Grounding Originalism Published

My latest article on "original-law originalism" with Steve Sachs


My frequent co-author (and now co-blogger) Steve Sachs and I have a new article out in the Northwestern Law Review, in a symposium issue devoted to "Originalism 3.0." Our contribution, "Grounding Originalism," tries to provide philosophical grounding for our approach to originalism, one which emphasizes that originalism is a theory of law, under which our law is the Founders' law, plus all lawful changes enacted since then.

The piece responds in part to criticisms raised by Richard Primus, Mark Greenberg, Mikołaj Barczentewicz, and Charles Barzun, among others (and Eric Segall is publishing a response here). Here is the abstract of our piece:

How should we interpret the Constitution? The "positive turn" in legal scholarship treats constitutional interpretation, like the interpretation of statutes or contracts, as governed by legal rules grounded in actual practice. In our legal system, that practice requires a certain form of originalism: our system's official story is that we follow the law of the Founding, plus all lawful changes made since.

Or so we've argued. Yet this answer produces its own set of questions. How can practice solve our problems, when there are so many theories of law, each giving practice a different role? Why look to an official story, when on-the-ground practice may be confused or divided—or may even make the story ring false? And why take originalism as the official story, when so many scholars and judges seem to reject it?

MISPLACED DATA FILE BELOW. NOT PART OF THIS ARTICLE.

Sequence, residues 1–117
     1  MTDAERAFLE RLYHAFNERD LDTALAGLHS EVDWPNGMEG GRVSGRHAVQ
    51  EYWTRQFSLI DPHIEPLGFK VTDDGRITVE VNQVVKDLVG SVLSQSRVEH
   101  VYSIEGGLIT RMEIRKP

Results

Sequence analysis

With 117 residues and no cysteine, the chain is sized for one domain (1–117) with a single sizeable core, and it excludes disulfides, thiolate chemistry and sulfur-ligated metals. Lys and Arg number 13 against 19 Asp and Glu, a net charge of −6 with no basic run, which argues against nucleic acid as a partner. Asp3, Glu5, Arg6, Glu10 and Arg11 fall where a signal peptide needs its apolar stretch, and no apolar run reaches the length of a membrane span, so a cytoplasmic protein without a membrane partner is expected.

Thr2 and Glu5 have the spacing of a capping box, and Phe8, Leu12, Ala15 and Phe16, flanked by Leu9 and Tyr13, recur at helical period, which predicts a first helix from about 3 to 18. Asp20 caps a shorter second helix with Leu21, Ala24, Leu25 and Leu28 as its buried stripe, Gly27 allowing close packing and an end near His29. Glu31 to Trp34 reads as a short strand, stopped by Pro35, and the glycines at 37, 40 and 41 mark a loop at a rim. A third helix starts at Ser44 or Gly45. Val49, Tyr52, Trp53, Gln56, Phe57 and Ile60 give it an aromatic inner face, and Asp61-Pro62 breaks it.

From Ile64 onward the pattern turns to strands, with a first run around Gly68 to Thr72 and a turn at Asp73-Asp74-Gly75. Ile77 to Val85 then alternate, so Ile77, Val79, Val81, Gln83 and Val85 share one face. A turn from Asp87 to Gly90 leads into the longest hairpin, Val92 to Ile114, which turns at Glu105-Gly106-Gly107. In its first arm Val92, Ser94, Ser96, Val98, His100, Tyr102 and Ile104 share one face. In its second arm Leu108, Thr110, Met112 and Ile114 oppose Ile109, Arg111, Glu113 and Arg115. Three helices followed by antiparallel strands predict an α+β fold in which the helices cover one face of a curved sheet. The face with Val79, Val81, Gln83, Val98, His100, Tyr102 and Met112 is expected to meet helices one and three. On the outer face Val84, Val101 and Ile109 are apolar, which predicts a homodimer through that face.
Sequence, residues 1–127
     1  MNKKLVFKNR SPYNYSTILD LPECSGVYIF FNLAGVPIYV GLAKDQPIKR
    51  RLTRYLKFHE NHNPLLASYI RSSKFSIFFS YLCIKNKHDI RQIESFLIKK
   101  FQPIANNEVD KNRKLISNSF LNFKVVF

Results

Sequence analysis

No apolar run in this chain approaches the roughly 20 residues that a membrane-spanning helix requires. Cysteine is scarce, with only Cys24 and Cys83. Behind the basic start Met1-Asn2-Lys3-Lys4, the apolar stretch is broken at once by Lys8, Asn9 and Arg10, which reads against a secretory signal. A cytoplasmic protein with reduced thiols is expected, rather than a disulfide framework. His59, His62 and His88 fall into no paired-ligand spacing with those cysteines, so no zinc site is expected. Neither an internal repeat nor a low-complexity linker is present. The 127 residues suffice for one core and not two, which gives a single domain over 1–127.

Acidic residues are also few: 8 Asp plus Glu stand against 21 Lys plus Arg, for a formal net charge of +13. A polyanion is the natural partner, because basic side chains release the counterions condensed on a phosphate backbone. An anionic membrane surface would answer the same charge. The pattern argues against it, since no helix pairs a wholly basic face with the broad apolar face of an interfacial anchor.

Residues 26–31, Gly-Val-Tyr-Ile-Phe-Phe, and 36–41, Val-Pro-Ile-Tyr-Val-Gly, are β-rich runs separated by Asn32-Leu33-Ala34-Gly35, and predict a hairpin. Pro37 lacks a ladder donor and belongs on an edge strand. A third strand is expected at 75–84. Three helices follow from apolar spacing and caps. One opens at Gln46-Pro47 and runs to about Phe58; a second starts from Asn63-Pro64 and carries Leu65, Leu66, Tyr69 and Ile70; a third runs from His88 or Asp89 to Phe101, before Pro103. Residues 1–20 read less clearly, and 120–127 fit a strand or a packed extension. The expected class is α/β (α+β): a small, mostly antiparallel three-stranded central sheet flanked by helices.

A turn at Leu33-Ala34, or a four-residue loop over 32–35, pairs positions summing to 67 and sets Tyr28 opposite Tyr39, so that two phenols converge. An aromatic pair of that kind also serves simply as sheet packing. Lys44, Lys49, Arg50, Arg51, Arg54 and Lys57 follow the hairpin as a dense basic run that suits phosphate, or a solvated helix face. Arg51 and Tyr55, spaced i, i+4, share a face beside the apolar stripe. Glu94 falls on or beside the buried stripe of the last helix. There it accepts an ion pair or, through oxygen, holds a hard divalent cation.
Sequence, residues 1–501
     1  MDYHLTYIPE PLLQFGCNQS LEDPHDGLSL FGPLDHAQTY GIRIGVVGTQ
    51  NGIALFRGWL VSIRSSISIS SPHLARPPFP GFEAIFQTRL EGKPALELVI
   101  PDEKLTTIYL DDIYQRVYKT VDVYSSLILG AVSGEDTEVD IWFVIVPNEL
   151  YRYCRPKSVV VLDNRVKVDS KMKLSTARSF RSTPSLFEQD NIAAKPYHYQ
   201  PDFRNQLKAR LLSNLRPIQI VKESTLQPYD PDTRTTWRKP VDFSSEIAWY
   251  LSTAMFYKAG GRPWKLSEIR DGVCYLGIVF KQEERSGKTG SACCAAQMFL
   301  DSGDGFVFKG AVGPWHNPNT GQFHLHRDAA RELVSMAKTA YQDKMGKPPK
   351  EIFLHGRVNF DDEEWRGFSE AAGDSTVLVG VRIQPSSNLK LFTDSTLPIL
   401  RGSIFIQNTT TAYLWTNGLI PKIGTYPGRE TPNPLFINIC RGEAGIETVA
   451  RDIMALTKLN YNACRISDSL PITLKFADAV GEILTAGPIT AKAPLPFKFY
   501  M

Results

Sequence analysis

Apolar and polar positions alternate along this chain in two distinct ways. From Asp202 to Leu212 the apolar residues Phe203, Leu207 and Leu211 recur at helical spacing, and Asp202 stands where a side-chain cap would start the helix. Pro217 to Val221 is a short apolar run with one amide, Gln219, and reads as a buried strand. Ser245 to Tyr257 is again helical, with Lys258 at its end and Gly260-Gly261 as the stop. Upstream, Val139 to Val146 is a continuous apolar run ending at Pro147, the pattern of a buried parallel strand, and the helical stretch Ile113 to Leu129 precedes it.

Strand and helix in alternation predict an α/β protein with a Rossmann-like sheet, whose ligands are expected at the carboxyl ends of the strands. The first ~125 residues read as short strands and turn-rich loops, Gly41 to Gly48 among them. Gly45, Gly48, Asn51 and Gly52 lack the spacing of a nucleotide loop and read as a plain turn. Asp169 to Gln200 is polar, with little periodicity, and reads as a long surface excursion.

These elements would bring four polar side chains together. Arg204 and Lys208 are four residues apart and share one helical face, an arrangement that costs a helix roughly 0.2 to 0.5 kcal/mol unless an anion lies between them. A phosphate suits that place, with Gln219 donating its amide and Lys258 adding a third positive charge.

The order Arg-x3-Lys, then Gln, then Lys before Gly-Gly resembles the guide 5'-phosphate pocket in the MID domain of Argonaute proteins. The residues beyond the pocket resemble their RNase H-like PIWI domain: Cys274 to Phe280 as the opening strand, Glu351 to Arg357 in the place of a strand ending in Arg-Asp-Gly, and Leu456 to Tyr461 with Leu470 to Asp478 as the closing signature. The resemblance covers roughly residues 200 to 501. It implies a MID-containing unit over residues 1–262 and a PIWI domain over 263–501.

This Essay offers a response to each. To the extent that legal systems are features of particular societies, a useful theory will have to pay attention to actual social practice, including the aspects of legal practice we describe. This positive focus really can resolve a great many contentious legal disputes, as shared legal premises lead to conclusions that might surprise us or that ultimately establish one side in a dispute as correct. The most serious challenge to our view is the empirical one: whether originalism is or isn't the official story of our law. Stripped of their jurisprudential confusion, though, the best competing accounts of our law seem to have far less supporting evidence than our own account. Focusing on social practice as it stands today turns out to direct our attention to the Founders and to the changes over time that their law has recognized.

Because this piece is the latest in a line of five or six pieces that Steve and/or I have written advancing this theory, it doesn't provide all of the arguments or evidence for our view. But we do provide (p. 1491) what I hope is a helpful summary of how past and present law relate:

  • As a theoretical matter, positivists like us figure out today's law based on today's social facts.
  • As a contingent, empirical matter, today's social facts happen to incorporate the Founders' law by reference.